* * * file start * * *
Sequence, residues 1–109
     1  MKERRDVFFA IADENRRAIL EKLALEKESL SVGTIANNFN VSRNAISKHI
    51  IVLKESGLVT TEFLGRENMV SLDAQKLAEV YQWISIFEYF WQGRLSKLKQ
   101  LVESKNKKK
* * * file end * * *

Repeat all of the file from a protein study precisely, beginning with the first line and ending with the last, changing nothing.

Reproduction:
Sequence, residues 1–109
     1  MKERRDVFFA IADENRRAIL EKLALEKESL SVGTIANNFN VSRNAISKHI
    51  IVLKESGLVT TEFLGRENMV SLDAQKLAEV YQWISIFEYF WQGRLSKLKQ
   101  LVESKNKKK